Once you start to understand your data and the information is available throughout the business, a whole new world will open up to everyone that has access to the data. You will be able to see not only how the business is doing as a whole, but how each department of the business is doing as well as how employees are doing personally. With the same information (your single source of truth) being accessed across your business and the same story being told to everyone, not only is that powerful because you now have everyone seeing and reading the same data but the entire business is now moving in the same direction. To keep the business moving all in the same direction, to share a common goal, and to make sure all departments are doing what they need to do is extremely important because this will help drive up revenue and this will lower cost by seeing which areas within departments can be enhanced. With all the great information that you start to see, do not ever be satisfied with what your data is telling you. I think the most important thing that a business can do once the business intelligence solution is in place is not stop asking questions around the data. I know I have had many people state to me if you understand data then you can make smart decisions. Understanding the data is really beneficial and really helpful in guiding your business at that moment, I am talking about not being satisfied with all the results that you are getting now from the information the business is seeing. What I am stating is for you and others to keep asking the questions that I have suggested below. You might remember these questions from elementary school in regards to a English class. By asking these questions, you will keep moving the business, the department and the employees in the right direction.

Who: Who is the data about? Who is collecting the data? Collecting data across multiple who’s will give you a firm grasp of what is going on across multiple who’s and not a single who.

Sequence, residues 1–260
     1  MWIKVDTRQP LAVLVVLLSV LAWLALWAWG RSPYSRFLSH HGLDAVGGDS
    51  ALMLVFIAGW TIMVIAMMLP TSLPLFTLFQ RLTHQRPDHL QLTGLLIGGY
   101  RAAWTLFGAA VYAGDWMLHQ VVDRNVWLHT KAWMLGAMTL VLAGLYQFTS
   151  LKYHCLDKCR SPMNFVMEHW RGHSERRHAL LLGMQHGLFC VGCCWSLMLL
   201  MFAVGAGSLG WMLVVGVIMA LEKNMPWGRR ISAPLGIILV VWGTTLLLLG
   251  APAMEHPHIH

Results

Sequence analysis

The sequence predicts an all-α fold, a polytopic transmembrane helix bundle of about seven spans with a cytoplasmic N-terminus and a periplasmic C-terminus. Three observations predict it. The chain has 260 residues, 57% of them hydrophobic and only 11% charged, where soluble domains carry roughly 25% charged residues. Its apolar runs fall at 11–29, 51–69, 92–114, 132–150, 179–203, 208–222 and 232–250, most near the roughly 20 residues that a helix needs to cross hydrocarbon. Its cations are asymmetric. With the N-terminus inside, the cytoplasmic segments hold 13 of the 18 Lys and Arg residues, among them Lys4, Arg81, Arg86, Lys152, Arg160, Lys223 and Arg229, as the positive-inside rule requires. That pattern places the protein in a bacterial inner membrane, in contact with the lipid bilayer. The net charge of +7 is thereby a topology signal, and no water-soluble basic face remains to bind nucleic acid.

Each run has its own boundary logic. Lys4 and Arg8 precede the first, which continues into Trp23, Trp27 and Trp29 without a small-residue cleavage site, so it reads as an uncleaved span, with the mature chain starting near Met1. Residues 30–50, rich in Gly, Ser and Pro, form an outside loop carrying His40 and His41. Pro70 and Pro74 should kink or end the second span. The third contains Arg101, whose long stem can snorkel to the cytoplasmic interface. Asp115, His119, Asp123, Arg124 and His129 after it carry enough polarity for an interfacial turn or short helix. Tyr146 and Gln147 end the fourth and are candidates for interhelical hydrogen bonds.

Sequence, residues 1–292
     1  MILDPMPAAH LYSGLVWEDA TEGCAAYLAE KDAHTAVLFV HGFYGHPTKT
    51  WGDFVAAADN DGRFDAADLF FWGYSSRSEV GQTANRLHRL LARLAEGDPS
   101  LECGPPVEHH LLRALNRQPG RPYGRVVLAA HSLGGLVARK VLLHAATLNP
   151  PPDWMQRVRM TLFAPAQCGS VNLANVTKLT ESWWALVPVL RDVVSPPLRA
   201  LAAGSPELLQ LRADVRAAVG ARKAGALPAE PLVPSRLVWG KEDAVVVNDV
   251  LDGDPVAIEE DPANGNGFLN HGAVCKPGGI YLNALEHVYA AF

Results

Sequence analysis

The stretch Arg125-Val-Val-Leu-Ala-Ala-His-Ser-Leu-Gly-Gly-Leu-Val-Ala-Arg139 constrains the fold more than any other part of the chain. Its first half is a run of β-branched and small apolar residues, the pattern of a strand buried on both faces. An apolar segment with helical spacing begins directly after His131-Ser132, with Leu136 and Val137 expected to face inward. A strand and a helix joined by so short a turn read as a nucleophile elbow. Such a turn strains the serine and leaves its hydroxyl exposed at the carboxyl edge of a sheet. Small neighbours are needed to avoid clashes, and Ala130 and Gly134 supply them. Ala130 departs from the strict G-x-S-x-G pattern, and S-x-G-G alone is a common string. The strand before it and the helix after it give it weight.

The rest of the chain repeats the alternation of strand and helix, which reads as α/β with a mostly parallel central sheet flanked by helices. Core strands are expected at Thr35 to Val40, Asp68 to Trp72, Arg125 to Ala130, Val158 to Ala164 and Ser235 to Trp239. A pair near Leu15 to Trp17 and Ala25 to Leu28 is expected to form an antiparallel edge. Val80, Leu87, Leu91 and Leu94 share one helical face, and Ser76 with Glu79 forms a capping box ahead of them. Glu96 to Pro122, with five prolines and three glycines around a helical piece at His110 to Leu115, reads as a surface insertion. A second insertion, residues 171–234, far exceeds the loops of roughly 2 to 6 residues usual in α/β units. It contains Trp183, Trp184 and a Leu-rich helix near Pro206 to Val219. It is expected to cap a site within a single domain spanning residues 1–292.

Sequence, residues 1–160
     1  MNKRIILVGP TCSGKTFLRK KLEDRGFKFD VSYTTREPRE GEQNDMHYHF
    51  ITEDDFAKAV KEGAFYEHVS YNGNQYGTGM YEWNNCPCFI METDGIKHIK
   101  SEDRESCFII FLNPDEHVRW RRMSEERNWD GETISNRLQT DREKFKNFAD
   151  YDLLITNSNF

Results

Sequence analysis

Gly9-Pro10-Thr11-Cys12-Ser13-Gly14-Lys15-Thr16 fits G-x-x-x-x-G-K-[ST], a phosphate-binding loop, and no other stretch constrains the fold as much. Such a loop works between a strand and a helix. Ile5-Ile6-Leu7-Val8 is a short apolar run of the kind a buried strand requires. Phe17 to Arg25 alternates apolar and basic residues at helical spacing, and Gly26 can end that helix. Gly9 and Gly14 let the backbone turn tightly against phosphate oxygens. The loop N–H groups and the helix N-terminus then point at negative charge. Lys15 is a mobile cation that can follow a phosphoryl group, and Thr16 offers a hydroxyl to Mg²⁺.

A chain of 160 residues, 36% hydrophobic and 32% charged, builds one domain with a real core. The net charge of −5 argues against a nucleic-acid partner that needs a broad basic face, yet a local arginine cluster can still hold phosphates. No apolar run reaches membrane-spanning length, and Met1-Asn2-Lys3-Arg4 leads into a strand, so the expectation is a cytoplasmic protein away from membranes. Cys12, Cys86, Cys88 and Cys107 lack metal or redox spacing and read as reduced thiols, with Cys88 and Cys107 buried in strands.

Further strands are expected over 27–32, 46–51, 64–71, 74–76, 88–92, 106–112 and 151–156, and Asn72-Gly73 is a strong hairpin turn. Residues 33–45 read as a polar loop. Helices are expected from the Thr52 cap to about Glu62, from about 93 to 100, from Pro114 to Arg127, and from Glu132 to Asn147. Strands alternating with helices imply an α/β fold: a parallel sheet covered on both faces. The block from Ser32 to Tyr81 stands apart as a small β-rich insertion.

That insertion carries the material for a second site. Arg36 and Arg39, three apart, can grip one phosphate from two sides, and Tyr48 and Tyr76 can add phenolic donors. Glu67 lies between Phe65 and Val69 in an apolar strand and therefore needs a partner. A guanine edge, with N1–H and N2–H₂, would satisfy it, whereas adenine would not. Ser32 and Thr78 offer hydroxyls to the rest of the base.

What: Of course you want to know what your data is about. Know what makes up the data and know what makes up the numbers behind the data.

When: Have a firm understanding of when your data has been or is being collected. Most data that is being collected is linked to a timeframe and knowing the time of your data is important to what decisions you make now or in the future.

Why: Knowing why the data has been collected can help you understand what needs to be shown to help the business. The constant asking of why this data is being collected will keep the data in check to make sure it has meaning and not tied to some crazy agenda that someone has gone of on. If it is tied to an agenda be cautious and keep asking questions.

How: The last question is how. How was this data collected? If you are purchasing or using an external data file you need to know how this data was collected and/or aggregated. Do you feel comfortable with the data, do you trust it?


Getting ready to start a BI Solution?

Before building out the plan for a bi solution project, I always like to think about what other projects that I have done or know about that are similar to the one I am going to embark on. I always ask myself what issues or obstacles did I encounter in those projects? There are so many reasons why projects get dragged out or just do not succeed, either from the start or they dwindle out if the project exceeds its expected delivery date. Lets just review some and see how many you came across in your professional career on why a project has failed.